BOB MARRA: Good morning, everyone. My name is Bob Marra. I'm the Executive Director and CEO of the Humana Challenge. It's great to have you all here on this very beautiful warm and very special day.
On behalf of the tournament staff, it is my honor to introduce our tournament partners and I want to tell everyone here that we're very proud to be working with this great team and you've all seen the results over the last couple years of what's happened with the tournament.
So I would like to start by introducing President Clinton, who will be up here joining us and thank him for being with us. Also commissioner Tim Finchem will be talking with us today and then Mike McCallister, the Chairman of the Board of Humana will come up now and say a few words. Thank you.
MIKE MCCALLISTER: Thanks, Bob. We're really thrilled to be here it's been a great couple of years as we have gotten involved with the TOUR and the community. It's been terrific. Before I get into that my comments I do want to introduce the new CEO of Humana, Bruce Broussard. Bruce, do you want to raise your hand.
You know, we have talked a lot about this week and basically we think of it as a week of well being with a side of golf and actually both parts are equally important. Several years ago, when we decided to pursue this idea of beginning to change the conversation around the nation's health and well being we were looking for platforms and a way to do that and then Tim called me one day and said I have an idea, how about this. And that brought us here today and last year.
So it's been a terrific start to the process, the President has stepped up and he's always had a lot of passion for the subject. It's been great to be involved with the health management conference and to be a part of all that. We're in the process of building on last year's success. We're pretty pleased with how things are going so far this year. We are into it for about an hour and a half and there's been no wind, so that's a good start.
We had a 68 percent increase in attendance last year which was a nice bump. We had actually outside of the Majors we had the sixth best field in the PGA TOUR, so that says an awful lot about the new start here. From a wellness perspective, we had 84 million steps taken in this community the last year. It was a remarkable thing. We have really been driving this idea of getting up and moving and fitness and pedometers and all that sort of thing and it was terrific to see the community step up and do that. We had a record two million dollars last year that went to charities around the community and we're really glad to do that. It's all part of this. It's been a foundational thing for the PGA TOUR for years and for our company.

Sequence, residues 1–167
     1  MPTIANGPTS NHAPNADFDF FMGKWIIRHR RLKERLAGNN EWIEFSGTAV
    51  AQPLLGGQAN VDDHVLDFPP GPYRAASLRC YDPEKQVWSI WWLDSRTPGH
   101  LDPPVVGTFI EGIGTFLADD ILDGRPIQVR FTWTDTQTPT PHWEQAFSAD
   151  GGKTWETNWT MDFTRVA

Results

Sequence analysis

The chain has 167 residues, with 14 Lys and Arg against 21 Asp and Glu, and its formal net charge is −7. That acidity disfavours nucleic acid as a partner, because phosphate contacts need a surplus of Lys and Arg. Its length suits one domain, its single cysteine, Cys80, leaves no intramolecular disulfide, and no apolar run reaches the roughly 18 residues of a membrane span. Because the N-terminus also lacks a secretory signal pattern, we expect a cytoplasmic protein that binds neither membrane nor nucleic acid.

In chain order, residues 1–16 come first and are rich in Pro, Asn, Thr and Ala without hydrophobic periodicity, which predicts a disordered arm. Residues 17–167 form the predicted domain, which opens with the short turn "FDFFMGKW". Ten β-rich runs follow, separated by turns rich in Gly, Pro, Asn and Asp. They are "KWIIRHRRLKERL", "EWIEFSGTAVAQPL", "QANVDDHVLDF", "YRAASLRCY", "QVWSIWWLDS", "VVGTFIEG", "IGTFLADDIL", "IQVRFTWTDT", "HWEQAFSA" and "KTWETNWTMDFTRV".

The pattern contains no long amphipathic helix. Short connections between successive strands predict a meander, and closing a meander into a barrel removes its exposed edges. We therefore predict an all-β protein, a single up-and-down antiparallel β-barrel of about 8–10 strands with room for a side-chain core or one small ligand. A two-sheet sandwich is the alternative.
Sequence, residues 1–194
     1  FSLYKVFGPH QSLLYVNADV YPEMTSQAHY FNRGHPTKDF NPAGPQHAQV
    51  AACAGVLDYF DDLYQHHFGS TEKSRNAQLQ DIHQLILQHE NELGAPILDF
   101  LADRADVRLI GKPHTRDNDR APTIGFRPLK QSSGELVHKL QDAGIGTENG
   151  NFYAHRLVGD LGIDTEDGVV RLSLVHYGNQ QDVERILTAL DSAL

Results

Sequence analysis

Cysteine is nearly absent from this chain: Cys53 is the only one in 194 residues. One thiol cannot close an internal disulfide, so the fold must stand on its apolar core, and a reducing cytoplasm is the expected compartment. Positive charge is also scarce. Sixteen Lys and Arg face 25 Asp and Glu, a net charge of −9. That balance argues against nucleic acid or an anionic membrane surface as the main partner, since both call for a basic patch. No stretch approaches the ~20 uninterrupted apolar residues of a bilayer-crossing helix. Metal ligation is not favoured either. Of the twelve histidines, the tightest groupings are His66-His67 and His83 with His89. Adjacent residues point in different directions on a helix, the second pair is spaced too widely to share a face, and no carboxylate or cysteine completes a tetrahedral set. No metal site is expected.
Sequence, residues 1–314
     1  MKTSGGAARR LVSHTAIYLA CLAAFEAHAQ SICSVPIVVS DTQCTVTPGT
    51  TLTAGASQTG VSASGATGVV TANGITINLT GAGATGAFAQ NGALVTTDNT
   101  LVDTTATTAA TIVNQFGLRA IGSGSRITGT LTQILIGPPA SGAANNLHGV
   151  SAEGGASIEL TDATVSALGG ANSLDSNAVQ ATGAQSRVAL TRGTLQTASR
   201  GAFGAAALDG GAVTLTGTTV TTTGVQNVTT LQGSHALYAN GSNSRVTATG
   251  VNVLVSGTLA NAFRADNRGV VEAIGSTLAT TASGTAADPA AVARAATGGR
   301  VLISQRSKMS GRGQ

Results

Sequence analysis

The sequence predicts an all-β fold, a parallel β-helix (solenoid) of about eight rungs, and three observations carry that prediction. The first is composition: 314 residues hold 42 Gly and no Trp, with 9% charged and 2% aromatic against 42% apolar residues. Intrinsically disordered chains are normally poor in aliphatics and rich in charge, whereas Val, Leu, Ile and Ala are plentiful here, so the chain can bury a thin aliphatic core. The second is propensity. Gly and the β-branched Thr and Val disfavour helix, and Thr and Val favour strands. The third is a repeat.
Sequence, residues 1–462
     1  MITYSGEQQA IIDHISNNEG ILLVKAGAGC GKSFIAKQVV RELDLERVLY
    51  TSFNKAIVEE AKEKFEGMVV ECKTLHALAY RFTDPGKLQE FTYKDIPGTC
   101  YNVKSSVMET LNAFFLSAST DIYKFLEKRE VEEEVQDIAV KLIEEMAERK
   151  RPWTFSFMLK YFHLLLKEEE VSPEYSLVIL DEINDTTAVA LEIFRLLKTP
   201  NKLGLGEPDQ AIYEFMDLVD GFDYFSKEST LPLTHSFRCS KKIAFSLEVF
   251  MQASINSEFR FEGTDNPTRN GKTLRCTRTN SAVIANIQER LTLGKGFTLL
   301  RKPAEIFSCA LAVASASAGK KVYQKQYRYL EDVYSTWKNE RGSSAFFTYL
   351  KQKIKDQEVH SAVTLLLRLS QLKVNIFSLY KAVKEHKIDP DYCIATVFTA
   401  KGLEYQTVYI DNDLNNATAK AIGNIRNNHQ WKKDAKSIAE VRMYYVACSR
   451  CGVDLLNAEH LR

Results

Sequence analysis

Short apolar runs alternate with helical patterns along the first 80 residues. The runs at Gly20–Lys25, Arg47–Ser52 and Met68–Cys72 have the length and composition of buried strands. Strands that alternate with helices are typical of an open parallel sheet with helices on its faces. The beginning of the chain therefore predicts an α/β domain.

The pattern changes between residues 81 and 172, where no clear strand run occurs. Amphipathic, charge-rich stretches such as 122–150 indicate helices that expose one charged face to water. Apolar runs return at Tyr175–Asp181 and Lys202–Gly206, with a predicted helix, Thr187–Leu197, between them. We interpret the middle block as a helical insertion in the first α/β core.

Later in the year we received the Sports Event of the Year, which was is remarkable, given some of the competition we had, such as the Super Bowl and other things.
And then I think basically we walked away last year with the idea that we could use this platform to really change the conversation and we're really thrilled with how that has gone. We want this year to be bigger and better. We're pleased to be here and we're looking forward to a long relationship with the community TOUR and the Clinton Foundation. So thank you very much.
And Commissioner Finchem, it's all yours.
COMMISSIONER FINCHEM: Thanks, Mike. Good morning, everyone. Just a few comments and then I'll introduce President Clinton.
From a PGA TOUR perspective we obviously couldn't be more pleased with what's happened this week and with this tournament. This tournament, going back to the mid 1960's, was one of the tournaments on the PGA TOUR that really drove the notion that this platform could really be used to do huge things for charitable purposes and to help people. Bob Hope, the relationship with the Eisenhower Medical Center, it just grew every single year and given the attention that it got, because of Bob Hope and the celebrities he brought here really sent a great message to the rest of the country about what can happen. And of course today in the last, next year we'll announce getting to the two billion dollar level in charity giving. The second billion coming in the last eight years. So significant growth.